cockpit-panel-at-Kalumburu-landing

The 206 panel in 1987 while having a snack

 

Full trim at Kalumburu landing.

 

We were in our 206 (EPL), five of us flying around Australia for a month on a second trip. It was 11 May 1987. After a few very pleasant nights at Broome, we flew to Cape Leveque. It was impressed on us in Broome that we required permission to land. We decided not to land but to fly over it and have a look. This negated the need to be troubled about a clearance. We were flying to Kalumburu.

 

We followed the coast low from Broome up the Dampier Peninsula to Cape Leveque. Cape Leveque was the first sign of civilisation after Broome. It looked lovely. I put down ten degrees of flap to commence a slow circuit of the area. We flew a full circuit over this beautiful looking place. White beaches, red cliffs, a couple of buildings and a lawn, a light house on the high point and a good-sized red dirt runway with tall trees at the inland end.

 

Ian was sitting up front with me. It was all too much for him. He said with a positive ‘don't be a wimp’ tone “Put the bloody thing on the ground”.

 

The runway on closer inspection looked a bit rough with wash-outs running away from the raised centre of the runway. We flew a low lever inspection of the strip. I was comfortable so long as we stayed in the centre. There was a sea breeze running. We landed towards the water coming low over what appeared to be a planation of trees. We stayed on the centre.

 

We pulled up as near as I could to the only building near the strip. We were warmly welcomed by the resident manager. A very nice chap, tall with a good brow. We mentioned the lack of a permit with apologies. He dismissed our concern saying it was something the local aviators in Broome took on hoping to get a job.

 

We swam, fished and were taken mud crabbing before a huge feed of fish presented to us by the resident cook but cooked by the Manager. What a great night it was! Barbecued fish was consumed until we could eat no more.

 

Three of us slept in one tent, Antony slept under a Frangipani tree and Ian went missing. The next morning after calling his name repeatedly and loudly, the curtain on the cook's caravan moved - “What do you want?”

 

There was no fuel at Cape Leveque. I knew this before landing. I was comfortable with what we had. After a very decent breakfast, we took off east towards the trees in the opposite direction to landing. I had cancelled my SAR the day before by using the manager’s ground line. I used it again to get weather and NOTAMs and file a plan before departing. It was a truly lovely flight out over the Bonaparte Archipelago. The water was a mill pond. We tracked north to the Prince Regent River. There we turned east to follow the steep sides of the river gorge to a predetermined point before turning north to fly over Mitchell Plateau to say “G’day.”  On 29 March that year an American 24-year-old model named Ginger Meadows was tragically taken in this river by a crocodile. The scenery around this part of the world is wonderful. The flight from Cape Leveque to Kalumburu on the route we flew was so very scenic. That said, it is not recommended for those in a single engine aircraft lacking faith in their engine. It is all tiger country. Sharks and crocodiles if you visit the water and rocky terrane elsewhere. We flew for two hours 54 minutes on this leg.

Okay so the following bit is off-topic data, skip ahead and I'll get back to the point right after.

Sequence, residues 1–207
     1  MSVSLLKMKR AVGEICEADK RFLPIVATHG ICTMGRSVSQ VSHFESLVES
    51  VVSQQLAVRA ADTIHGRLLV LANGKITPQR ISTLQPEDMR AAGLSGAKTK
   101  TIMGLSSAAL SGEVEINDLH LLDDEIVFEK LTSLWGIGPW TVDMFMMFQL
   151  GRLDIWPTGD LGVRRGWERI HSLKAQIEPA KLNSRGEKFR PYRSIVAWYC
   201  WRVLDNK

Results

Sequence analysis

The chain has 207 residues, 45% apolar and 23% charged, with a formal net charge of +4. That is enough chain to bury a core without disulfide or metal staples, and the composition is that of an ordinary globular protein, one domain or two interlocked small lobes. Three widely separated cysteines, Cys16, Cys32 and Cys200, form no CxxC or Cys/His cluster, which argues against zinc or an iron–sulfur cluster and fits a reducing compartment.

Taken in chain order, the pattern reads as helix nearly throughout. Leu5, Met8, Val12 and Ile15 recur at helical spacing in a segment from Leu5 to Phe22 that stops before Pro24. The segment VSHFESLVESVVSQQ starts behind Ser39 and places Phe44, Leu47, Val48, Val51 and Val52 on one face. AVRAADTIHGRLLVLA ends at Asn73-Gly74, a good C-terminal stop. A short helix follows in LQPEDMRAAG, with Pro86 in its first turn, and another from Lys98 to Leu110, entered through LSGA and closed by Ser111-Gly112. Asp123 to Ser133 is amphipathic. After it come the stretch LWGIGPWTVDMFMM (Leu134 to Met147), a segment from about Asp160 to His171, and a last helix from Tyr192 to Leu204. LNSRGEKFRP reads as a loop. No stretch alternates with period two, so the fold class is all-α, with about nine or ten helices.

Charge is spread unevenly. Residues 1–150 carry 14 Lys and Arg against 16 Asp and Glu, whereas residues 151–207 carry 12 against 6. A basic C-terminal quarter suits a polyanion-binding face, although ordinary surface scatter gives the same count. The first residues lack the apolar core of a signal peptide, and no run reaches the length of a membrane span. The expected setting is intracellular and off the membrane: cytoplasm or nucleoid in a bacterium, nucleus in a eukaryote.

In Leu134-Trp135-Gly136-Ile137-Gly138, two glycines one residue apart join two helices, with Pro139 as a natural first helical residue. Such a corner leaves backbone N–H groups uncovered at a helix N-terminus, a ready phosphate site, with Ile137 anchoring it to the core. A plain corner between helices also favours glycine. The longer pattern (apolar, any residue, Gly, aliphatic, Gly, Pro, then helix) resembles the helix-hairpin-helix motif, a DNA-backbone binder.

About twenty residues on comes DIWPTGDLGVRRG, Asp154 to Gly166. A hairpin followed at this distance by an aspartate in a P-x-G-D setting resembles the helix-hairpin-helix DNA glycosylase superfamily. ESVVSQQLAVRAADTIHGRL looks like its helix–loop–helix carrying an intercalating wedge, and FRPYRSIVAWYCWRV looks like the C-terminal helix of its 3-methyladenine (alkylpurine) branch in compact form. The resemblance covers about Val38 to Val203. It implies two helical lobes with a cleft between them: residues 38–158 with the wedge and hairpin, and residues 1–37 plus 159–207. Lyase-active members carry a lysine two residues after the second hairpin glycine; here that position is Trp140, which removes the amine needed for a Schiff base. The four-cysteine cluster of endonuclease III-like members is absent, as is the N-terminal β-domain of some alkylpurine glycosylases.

I had pre ordered a 44-gallon drum of fuel for our arrival at Kalumburu. When the 206 burns fuel, the centre of gravity moves to the back. This is particularly noticeable when the back is already heavy with baggage. As one flies you are unconsciously adding nose down trim to hold the attitude as the C of G moves back. This movement of trimming the aircraft went unnoticed until suddenly the trim wheel moved no more. This was a first for me. We had full nose down trim.

 

I bent down to see what the hell had gone wrong with the trim wheel. Trim wheels never stop! This one had. I turned it the other way - it moved freely. There was no avoiding it, we were on full nose down trim in a cruising attitude!

 

Soon Antony had to push gentle pressure on the yoke to maintain our attitude. I asked the very back passenger to move what could be moved from the baggage area to those in the middle row to be nursed. This helped but soon more nose down pressure was required.

 

Fortunately, we were not far out from landing. Slowing the aircraft induced more attitude problems. Lowering flap required positive forward yoke pressure as the plane tends to pendulum from the flap air drag on the high wing. The prospect of doing a go round was most unattractive. A very strong nose down pressure would have been required.

 

We landed first attempt but with a considerable forward pressure on the yoke. It was also hot - I mean hot. The density altitude was certainly not sea level where it should have been at Kalumburu. I forgot to mention, we were low on fuel to the point I had burnt out the left tank en-route. None of our remaining flights caused the trim to run out. I suspect it was a combination of low fuel and a weighty back passenger on that flight leg. A configuration not repeated.

 

© C McKeown 2021.